never have occasion to converse more with Mankind, never more need their
good Opinion or good Word, it were then no great Matter (speaking as to
the Concernments of this World) if a Man spent his Reputation all at
once, and ventured it at one throw: But if he be to continue in the
World, and would have the Advantage of Conversation whilst he is in it,
let him make use of Truth and Sincerity in all his Words and Actions;
for nothing but this will last and hold out to the end; all other Arts
will fail, but Truth and Integrity will carry a Man through, and bear
him out to the last.


[Footnote 1: Archbishop Tilotson's Sermons, Vol. II., Sermon I (folio
edition). Italics in first issue.]

* * * * *

No. 353. Tuesday, April 15, 1712. Budgell.

--In tenui labor--


The Gentleman who obliges the World in general, and me in particular,
with his Thoughts upon Education, has just sent me the following Letter.


I take the Liberty to send you a fourth Letter upon the Education of
Youth: In my last I gave you my Thoughts about some particular Tasks
which I conceiv'd it might not be amiss to use with their usual
Exercises, in order to give them an early Seasoning of Virtue; I shall
in this propose some others, which I fancy might contribute to give
them a right turn for the World, and enable them to make their way in

The Design of Learning is, as I take it, either to render a Man an
agreeable Companion to himself, and teach him to support Solitude with
Pleasure, or if he is not born to an Estate, to supply that Defect,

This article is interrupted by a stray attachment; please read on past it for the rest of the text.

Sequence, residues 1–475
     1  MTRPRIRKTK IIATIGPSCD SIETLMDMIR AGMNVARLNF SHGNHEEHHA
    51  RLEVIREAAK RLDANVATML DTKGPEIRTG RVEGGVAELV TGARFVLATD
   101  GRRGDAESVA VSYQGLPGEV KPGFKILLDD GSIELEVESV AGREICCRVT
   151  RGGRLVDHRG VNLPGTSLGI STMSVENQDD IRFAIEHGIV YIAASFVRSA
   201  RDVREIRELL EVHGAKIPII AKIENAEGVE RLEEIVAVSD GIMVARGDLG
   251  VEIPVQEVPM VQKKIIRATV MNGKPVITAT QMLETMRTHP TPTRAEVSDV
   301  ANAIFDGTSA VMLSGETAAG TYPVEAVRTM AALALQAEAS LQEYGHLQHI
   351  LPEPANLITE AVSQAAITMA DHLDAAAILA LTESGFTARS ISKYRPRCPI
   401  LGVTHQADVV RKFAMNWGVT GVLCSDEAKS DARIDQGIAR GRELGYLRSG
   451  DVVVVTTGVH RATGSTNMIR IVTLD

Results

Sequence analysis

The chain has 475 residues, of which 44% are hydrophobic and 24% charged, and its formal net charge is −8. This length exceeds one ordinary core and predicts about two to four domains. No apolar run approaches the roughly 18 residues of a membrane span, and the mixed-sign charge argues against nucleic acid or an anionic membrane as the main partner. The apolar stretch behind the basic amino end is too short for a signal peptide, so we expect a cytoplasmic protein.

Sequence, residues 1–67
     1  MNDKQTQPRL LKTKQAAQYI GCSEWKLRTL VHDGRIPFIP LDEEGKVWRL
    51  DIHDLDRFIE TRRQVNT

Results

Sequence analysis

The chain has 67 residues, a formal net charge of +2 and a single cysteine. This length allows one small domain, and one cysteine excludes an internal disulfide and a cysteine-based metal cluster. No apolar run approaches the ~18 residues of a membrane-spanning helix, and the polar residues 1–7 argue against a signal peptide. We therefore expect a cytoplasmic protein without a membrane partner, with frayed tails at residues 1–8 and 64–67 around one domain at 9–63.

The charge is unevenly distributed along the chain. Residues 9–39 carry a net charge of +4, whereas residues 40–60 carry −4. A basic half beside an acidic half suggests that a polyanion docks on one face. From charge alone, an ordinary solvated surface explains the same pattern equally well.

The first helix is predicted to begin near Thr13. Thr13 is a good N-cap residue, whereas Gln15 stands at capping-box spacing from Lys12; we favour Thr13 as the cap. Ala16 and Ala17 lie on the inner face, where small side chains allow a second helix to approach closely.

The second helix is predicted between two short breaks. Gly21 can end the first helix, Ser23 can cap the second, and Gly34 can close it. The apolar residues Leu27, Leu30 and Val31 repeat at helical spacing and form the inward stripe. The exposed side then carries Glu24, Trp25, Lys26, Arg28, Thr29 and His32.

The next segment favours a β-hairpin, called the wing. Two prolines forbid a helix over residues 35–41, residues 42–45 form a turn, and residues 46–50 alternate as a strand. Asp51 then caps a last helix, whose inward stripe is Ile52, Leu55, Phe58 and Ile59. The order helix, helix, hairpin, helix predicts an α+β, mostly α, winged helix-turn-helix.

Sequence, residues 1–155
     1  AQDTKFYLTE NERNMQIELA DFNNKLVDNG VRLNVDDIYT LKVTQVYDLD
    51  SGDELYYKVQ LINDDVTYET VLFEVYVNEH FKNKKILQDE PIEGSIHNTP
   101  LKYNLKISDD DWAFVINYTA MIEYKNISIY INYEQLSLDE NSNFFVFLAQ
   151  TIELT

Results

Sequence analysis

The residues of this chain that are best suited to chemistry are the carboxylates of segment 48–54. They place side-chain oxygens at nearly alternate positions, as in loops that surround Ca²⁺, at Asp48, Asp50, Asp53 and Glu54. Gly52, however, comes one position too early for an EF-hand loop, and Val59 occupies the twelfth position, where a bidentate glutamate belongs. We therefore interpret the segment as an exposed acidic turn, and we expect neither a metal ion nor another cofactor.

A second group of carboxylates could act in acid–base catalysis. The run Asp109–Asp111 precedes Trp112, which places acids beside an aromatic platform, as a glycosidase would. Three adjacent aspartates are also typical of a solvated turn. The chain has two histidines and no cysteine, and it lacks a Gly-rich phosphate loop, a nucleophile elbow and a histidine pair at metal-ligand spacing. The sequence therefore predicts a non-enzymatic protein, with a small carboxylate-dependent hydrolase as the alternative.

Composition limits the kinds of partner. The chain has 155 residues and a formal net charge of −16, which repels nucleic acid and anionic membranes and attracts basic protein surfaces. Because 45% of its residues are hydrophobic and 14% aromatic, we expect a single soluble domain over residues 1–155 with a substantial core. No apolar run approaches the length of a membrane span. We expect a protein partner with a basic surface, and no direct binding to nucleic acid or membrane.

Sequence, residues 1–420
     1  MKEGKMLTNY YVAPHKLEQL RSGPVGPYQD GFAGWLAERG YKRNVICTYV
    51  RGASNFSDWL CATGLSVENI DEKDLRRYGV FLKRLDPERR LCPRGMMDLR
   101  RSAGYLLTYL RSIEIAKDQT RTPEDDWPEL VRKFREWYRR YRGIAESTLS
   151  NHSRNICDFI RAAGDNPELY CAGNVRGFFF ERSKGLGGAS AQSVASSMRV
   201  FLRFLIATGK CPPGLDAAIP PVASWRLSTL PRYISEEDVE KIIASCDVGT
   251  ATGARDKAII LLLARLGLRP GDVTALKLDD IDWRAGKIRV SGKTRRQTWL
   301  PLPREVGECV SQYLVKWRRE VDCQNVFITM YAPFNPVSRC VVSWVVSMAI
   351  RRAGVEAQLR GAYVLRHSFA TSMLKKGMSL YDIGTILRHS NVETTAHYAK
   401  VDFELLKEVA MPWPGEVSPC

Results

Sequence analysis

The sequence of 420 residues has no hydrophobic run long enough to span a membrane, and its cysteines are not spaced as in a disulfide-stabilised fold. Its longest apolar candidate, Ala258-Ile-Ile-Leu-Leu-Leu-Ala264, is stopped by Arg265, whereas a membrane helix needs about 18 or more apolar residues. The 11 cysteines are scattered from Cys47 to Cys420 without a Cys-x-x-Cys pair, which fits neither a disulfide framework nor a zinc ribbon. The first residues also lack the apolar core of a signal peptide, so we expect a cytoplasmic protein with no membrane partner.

and furnish him with the means of acquiring one. A Person who applies
himself to Learning with the first of these Views may be said to study
for Ornament, as he who proposes to himself the second, properly
studies for Use. The one does it to raise himself a Fortune, the other
to set off that which he is already possessed of. But as far the
greater part of Mankind are included in the latter Class, I shall only
propose some Methods at present for the Service of such who expect to
advance themselves in the World by their Learning: In order to which,
I shall premise, that many more Estates have been acquir'd by little
Accomplishments than by extraordinary ones; those Qualities which make
the greatest Figure in the Eye of the World, not being always the most
useful in themselves, or the most advantageous to their Owners.

The Posts which require Men of shining and uncommon Parts to discharge
them, are so very few, that many a great Genius goes out of the World
without ever having had an opportunity to exert it self; whereas
Persons of ordinary Endowments meet with Occasions fitted to their
Parts and Capacities every day in the common Occurrences of Life.

I am acquainted with two Persons who were formerly School-fellows,[1]
and have been good Friends ever since. One of them was not only
thought an impenetrable Block-head at School, but still maintain'd his
Reputation at the University; the other was the Pride of his Master,
and the most celebrated Person in the College of which he was a
Member. The Man of Genius is at present buried in a Country Parsonage
of eightscore Pounds a year; while the other, with the bare Abilities